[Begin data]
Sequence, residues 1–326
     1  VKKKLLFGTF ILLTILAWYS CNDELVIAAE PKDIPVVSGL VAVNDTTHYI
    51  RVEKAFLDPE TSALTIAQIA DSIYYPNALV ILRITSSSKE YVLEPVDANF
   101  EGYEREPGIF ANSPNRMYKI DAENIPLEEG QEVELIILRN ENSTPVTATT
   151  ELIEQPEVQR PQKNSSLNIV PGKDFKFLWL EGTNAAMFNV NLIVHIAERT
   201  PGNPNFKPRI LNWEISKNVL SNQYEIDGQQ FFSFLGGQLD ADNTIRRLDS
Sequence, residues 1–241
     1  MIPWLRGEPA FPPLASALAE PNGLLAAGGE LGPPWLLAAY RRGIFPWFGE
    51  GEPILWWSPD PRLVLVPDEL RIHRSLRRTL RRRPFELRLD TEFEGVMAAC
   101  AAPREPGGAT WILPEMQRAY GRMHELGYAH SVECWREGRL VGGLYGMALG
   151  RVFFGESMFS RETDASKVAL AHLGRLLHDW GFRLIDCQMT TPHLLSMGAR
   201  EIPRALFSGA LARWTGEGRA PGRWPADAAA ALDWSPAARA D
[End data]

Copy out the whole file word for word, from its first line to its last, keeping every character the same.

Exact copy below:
Sequence, residues 1–326
     1  VKKKLLFGTF ILLTILAWYS CNDELVIAAE PKDIPVVSGL VAVNDTTHYI
    51  RVEKAFLDPE TSALTIAQIA DSIYYPNALV ILRITSSSKE YVLEPVDANF
   101  EGYEREPGIF ANSPNRMYKI DAENIPLEEG QEVELIILRN ENSTPVTATT
   151  ELIEQPEVQR PQKNSSLNIV PGKDFKFLWL EGTNAAMFNV NLIVHIAERT
   201  PGNPNFKPRI LNWEISKNVL SNQYEIDGQQ FFSFLGGQLD ADNTIRRLDS
Sequence, residues 1–241
     1  MIPWLRGEPA FPPLASALAE PNGLLAAGGE LGPPWLLAAY RRGIFPWFGE
    51  GEPILWWSPD PRLVLVPDEL RIHRSLRRTL RRRPFELRLD TEFEGVMAAC
   101  AAPREPGGAT WILPEMQRAY GRMHELGYAH SVECWREGRL VGGLYGMALG
   151  RVFFGESMFS RETDASKVAL AHLGRLLHDW GFRLIDCQMT TPHLLSMGAR
   201  EIPRALFSGA LARWTGEGRA PGRWPADAAA ALDWSPAARA D